The story is played out on television, on radio talk shows, books of the week and internet blogs. It’s the rants and raves, the scores and the misses, the “who bought what where” and the “who said what when.” The story loves to paint pictures where illustrations are needed. The story makes a lot of promises it will never be able to keep. The story associates with utopian principles without understanding the meaning of what is true and beautiful. Most importantly the story gives rise to bitterness and ill will, when good humor and patience would suffice. The story slings about accusations and ridicule and insinuates itself between friends and family. The story points a finger and wages indifference. The story loves to hear itself every day, debated and discussed. It will participate in activities that reduce the story to a mockery and a joke. In the past the story has performed for the amusement of others only to score points but the story is not as funny as it desires to be. By this time the story is getting tired and old hat. The story has been repeated so many times, the story hardly knows itself because in the end it changes nothing because it only seeks power. "This is the most important story!" Even that is getting a little redundant. Because no matter how the story ends, there will be four judges somewhere that will burn the story or toss it away. There will be a lawyer somewhere that will disagree with the story and how it ends and want to change or rewrite it.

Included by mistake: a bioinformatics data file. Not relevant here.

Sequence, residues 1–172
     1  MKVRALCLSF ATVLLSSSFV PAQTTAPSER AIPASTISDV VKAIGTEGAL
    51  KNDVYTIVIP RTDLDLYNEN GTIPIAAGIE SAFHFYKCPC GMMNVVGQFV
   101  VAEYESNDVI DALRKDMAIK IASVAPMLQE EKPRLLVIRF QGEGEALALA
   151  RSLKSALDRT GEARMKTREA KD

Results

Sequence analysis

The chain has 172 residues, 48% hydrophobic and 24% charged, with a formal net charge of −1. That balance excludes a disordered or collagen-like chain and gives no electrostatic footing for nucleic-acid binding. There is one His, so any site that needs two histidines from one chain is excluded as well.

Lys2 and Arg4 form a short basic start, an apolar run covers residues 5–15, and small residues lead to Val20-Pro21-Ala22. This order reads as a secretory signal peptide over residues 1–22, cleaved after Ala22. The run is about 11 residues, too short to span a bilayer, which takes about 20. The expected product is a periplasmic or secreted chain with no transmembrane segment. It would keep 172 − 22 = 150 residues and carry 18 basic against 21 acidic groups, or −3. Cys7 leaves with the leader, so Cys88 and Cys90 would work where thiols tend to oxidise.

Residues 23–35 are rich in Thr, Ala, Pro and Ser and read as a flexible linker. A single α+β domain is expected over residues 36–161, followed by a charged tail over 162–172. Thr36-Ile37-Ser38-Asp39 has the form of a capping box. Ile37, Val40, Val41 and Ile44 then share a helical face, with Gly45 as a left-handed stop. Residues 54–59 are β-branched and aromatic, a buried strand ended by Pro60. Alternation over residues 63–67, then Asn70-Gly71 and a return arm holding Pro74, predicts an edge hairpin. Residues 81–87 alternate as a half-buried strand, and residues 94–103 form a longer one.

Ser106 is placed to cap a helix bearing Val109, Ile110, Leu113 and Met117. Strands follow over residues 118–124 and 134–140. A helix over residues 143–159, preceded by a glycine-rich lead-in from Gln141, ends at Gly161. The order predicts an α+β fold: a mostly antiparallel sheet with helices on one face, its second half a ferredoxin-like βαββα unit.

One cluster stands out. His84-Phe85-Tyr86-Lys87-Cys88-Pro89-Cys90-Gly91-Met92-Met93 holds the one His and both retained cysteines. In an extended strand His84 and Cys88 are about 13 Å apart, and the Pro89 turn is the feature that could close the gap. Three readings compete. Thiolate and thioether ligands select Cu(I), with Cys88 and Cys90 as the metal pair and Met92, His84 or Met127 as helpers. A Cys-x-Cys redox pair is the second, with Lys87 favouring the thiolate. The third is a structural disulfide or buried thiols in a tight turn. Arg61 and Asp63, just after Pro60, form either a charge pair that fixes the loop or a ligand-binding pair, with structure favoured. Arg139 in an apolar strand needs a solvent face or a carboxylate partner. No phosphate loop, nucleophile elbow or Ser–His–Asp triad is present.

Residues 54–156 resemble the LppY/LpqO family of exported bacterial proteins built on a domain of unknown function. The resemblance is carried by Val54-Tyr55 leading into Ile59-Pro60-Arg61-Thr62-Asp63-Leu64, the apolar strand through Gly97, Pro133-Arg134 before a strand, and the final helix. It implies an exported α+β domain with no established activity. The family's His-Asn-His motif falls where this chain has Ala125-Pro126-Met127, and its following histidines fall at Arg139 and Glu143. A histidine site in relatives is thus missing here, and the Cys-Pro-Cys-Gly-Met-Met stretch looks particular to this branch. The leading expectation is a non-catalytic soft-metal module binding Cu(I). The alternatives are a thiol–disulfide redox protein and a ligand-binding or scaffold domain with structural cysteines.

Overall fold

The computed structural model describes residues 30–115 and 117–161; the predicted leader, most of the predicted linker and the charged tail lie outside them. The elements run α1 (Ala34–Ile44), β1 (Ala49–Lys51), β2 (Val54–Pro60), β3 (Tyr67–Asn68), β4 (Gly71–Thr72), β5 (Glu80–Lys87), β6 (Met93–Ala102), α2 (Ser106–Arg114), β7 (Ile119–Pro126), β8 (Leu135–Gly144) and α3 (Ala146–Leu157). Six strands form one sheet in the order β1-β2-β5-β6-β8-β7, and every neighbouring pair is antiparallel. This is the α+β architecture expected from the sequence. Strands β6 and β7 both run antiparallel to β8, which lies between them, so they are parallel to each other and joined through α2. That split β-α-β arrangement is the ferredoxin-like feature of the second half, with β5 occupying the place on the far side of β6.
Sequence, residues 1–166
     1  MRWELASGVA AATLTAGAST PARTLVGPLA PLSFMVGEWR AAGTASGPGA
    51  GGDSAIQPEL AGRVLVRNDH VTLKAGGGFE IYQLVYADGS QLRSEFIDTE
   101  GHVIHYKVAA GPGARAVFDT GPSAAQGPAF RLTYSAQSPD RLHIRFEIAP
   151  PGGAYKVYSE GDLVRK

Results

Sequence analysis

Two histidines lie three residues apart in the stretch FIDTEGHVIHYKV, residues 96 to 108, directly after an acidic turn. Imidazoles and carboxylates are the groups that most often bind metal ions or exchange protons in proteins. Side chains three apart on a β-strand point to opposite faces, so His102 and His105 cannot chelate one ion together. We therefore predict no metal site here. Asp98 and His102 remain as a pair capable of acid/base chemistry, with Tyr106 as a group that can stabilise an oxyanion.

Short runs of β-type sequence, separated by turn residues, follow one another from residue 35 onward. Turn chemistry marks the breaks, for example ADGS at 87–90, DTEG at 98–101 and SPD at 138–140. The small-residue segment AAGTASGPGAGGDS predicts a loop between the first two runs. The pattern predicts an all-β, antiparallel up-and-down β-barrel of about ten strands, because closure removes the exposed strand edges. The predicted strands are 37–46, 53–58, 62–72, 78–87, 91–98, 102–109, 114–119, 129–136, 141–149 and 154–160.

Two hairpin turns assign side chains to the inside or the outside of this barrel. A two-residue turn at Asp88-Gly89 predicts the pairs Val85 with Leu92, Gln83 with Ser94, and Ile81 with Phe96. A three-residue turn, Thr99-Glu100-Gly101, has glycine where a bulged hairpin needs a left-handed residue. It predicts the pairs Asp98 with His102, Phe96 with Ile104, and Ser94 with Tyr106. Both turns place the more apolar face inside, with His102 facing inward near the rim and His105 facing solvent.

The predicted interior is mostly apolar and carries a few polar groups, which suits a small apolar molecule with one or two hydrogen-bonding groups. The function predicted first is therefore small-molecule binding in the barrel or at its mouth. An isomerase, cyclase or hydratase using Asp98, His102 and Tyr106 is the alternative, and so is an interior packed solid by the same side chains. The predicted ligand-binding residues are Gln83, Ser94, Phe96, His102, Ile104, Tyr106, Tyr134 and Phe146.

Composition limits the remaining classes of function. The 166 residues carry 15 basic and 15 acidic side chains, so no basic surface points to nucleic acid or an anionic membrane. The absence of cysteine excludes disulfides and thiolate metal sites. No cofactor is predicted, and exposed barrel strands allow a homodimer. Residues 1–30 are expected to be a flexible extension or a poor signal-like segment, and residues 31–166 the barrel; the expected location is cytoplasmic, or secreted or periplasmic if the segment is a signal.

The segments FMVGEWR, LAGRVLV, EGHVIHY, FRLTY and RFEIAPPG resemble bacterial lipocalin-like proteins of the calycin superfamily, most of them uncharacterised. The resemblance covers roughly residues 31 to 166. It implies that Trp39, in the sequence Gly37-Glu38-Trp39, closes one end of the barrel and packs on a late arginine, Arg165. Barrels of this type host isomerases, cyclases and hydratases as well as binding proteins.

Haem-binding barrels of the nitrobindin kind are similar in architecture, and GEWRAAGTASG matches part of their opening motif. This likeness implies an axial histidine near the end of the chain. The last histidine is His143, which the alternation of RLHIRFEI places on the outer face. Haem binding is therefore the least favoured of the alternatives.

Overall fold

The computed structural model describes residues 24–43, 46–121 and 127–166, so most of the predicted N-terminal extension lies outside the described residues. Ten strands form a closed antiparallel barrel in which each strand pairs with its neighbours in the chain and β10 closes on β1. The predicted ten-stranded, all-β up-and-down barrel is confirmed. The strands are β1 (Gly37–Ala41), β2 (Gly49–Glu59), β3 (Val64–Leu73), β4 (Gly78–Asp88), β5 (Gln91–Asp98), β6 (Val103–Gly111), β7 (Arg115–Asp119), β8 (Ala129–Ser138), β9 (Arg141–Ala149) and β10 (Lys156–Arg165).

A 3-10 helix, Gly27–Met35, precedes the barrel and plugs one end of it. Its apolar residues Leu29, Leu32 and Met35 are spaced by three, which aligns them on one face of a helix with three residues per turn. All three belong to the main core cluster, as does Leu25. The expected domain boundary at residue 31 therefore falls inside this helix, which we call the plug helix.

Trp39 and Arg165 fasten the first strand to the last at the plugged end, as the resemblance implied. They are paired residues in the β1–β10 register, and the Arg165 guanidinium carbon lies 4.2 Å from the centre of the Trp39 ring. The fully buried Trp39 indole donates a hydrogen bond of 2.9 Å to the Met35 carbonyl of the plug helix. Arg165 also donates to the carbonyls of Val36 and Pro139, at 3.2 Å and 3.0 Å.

I thought this story was important when I first picked it up, but as Gordon Sumner once wrote, "You could say I lost my belief in politicians, they all seem like game show hosts to me"

Next Tuesday the story will be told once again. Wake me up when it’s over.

Tammy Maher is a biweekly columnist for the Mountain Democrat. You can reach her on the web at http://www.familyfare.blogspot.com/

Tuesday, October 14, 2008

Trudy, my sister from another mother